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Puzzling choices by Romney

With almost four months to the presidential election, and in what appears to be a very close race, it is far too soon to determine whether Mr. Romney or President Obama will win in November.

But it is certainly an opportune moment to consider how the contest is unfolding. And, critic or supporter, one would have to note that Mitt Romney has had a tough couple of weeks.

Clearly, the Obama campaign has been driving the “messaging” of the campaign recently, taking Romney off his determined plan to speak only about the economy and only in general terms.

Instead the discussion has been about Bain and Romney’s taxes. But there is a puzzling aspect of this conversation, and it is that Romney has been challenged on his Bain tenure before, going as far back as his 1990’s Senate run against Ted Kennedy. Romney did not handle the questions well then, or in the Republican primaries this spring, nor now.


Mr. Romney has both claimed his experience as Bain CEO is what qualifies him for the presidency, and claimed that the left Bain years before he ended his CEO title. Logic demands the question: If Bain is your claim to fame, then why insist you left Bain long before your resignation?

Would you not wish to take credit for as much of Bain’s success as you possibly can if that experience is your qualification for the presidency?

Instead of claiming his results at Bain from 1999 to 2002 Mr. Romney is claimed by his representatives to have “retroactively” resigned as CEO. How does one do that? How do you serve as CEO, sign legal documents to that effect, yet one day lay claim that you resigned two years earlier?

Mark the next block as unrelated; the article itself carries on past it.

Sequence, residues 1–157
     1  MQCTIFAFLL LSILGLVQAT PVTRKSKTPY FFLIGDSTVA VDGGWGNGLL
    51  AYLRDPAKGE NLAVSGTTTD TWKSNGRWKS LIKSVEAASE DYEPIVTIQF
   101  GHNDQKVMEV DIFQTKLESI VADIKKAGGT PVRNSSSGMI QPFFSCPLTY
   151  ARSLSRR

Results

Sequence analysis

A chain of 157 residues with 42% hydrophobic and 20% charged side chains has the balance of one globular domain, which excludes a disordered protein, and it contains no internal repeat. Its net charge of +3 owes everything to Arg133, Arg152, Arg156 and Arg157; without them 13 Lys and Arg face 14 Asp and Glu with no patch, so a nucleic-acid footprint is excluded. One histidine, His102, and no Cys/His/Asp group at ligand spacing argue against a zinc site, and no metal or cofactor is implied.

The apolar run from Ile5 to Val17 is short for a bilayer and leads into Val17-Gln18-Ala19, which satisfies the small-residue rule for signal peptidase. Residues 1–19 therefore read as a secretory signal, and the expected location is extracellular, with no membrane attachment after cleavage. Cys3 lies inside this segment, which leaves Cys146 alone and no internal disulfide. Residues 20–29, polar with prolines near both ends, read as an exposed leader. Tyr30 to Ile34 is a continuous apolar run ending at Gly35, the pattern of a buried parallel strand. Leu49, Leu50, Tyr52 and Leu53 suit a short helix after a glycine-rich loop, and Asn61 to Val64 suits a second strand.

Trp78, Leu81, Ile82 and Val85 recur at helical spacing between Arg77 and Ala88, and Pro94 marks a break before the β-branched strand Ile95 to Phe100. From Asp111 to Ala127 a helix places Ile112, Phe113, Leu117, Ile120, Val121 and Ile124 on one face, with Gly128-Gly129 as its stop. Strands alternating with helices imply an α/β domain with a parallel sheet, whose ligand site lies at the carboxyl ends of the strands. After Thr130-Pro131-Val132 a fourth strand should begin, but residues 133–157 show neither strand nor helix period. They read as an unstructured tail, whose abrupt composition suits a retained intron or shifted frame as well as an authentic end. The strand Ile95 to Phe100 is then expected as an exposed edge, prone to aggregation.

And while once claiming he had no activity whatsoever at Bain from 1999 to 2002, Mr. Romney now claims that he was not participating in “day to day” decisions. What exactly does that mean? Do CEO’s ordinarily participate in day to day decisions? And is not such a claim a vague suggestion that his inactivity was supplemented by activity during these years?

If you follow the money Mr. Romney was compensated during the years in question as CEO of Bain. So he had some decision making activities, signed legal documents as CEO and accepted compensation…yet he resigned retroactively?


So why is Romney doing all he can to run from the very experience he says qualifies him to be president? Perhaps because during those years Bain’s effectiveness in moving jobs out of America flourished to its greatest degree. While this made Bain very profitable, it is hardly a talent sought for in an American president.

Mr. Romney is also running from sharing his tax records before 2011, even though the demands are coming from both Republicans and Democrats to release those records. We already know of his wealth, so that is not a secret to be uncovered. So what might be a reason for failing to show the American people his tax history?

Are there years when he paid no taxes on a multi-million income? Explanations that skirt tax laws for his accounts in Switzerland, or his investments in the Cayman Islands?

Perhaps no such evidence exists, but without seeing those records there can only continue to be such questions that cloud his candidacy around tax avoidance issues.

If Mitt Romney is not willing to claim Bain as his success, and unwilling to show he has not undermined his tax responsibilities personally, can he really lay claim to qualify to serve as President?


Jim Crawford is a retired educator and political enthusiast living here in the Tri-State.